Two years ago, I joined up with #CarseatFullstop. I was inspired by Mandy’s passion for the project and wanted to help save a kid’s life. I figured that parents just didn’t know better. You know, like I obviously already did.
Harley always rode in a car seat. ALWAYS. But part of being in this campaign means that I’ve learned even more. I thought that I was always doing everything needed to keep Harley safe, but I was actually wrong. I’ve done a number of things that could have been catastrophic. I’m not telling you this as some form of guilty self-flagellation, but to hopefully help you to not make the same mistakes that I have.
1 – Twisted Straps
Most of the time, I’d grab her straps from the top, clip them together and there wouldn’t be any twists. But sometimes, I was in a rush, or Harley was super wriggly, and the straps were twisted.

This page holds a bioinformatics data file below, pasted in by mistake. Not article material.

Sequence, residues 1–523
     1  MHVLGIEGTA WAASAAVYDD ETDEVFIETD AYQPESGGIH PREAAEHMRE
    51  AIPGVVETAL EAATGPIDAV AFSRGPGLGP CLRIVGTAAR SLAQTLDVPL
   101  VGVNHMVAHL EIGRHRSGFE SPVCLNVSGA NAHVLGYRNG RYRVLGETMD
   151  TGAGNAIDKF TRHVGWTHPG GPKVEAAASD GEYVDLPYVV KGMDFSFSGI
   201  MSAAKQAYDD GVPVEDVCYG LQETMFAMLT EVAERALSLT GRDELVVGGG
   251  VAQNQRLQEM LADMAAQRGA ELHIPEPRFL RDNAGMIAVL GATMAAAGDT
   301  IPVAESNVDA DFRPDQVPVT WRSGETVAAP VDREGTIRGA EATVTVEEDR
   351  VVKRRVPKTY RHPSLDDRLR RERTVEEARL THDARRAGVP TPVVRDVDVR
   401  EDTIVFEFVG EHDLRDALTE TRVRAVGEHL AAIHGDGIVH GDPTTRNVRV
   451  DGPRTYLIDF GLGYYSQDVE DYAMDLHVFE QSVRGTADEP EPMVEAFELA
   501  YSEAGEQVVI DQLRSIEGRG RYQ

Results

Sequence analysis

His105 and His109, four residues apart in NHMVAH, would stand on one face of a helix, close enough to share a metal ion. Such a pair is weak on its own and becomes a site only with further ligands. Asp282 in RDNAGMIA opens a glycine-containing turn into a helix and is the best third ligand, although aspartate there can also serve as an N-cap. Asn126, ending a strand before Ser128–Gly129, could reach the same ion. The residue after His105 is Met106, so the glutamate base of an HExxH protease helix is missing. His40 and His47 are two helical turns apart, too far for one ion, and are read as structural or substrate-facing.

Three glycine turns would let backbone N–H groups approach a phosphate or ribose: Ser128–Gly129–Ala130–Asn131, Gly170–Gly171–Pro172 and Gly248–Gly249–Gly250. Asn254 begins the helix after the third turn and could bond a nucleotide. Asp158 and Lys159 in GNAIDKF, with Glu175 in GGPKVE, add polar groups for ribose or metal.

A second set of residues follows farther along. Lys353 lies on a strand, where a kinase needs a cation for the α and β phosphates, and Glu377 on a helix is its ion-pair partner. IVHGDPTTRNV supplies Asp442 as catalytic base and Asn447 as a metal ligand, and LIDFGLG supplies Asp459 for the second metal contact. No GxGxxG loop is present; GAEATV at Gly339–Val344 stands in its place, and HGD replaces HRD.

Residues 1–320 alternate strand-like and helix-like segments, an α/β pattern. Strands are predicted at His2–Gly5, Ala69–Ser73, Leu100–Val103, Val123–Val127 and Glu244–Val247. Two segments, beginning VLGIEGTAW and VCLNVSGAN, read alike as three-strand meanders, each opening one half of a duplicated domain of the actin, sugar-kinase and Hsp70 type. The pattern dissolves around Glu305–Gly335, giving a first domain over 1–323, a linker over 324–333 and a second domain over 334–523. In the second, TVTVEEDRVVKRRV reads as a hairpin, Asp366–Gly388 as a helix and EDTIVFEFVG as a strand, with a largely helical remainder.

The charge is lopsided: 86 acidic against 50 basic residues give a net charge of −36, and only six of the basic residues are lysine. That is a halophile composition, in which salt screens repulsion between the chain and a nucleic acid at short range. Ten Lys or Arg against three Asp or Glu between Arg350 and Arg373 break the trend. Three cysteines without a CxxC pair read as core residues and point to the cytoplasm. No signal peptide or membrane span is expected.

This was more dangerous than you might think because of how the straps work in the first place. Each nice, wide harness strap distributes the force of a crash across the body of your little one. This is also why most of the best car seats even have shoulder padding and extra groin padding – it makes the ride comfier, but also distributes the force even more in the event of a crash.
Twisted straps change that distribution. They can lead to bad injuries or cuts, bone breaks, and even harness failure, depending on how many twists and where they happen to land on the kid. It really doesn’t take too long with a good quality car seat to check for twisted straps, but it can make a world of difference.
2 – Loose Straps
Kids grow at weird paces. One minute, you wonder if they are even growing, and the next they’ve grown out of two pairs of shoes in a week.
Harley was growing a lot and I didn’t want her to be uncomfortable in her seat. It was so hard to clip her in, I figured that she could use a bit more room. But in fact, they were too loose.
This is dangerous because, well, really they can just slip out. We all know how kids can wriggle, how they seem to slip through arms or tight spaces. The same could be true in a collision. You shouldn’t be able to get more than two fingers between the harness and your little one’s collarbone. And you most certainly shouldn’t be able to bunch or gather the harness. If there’s that much slack, your kid could still go flying.
3 – Bulky Clothes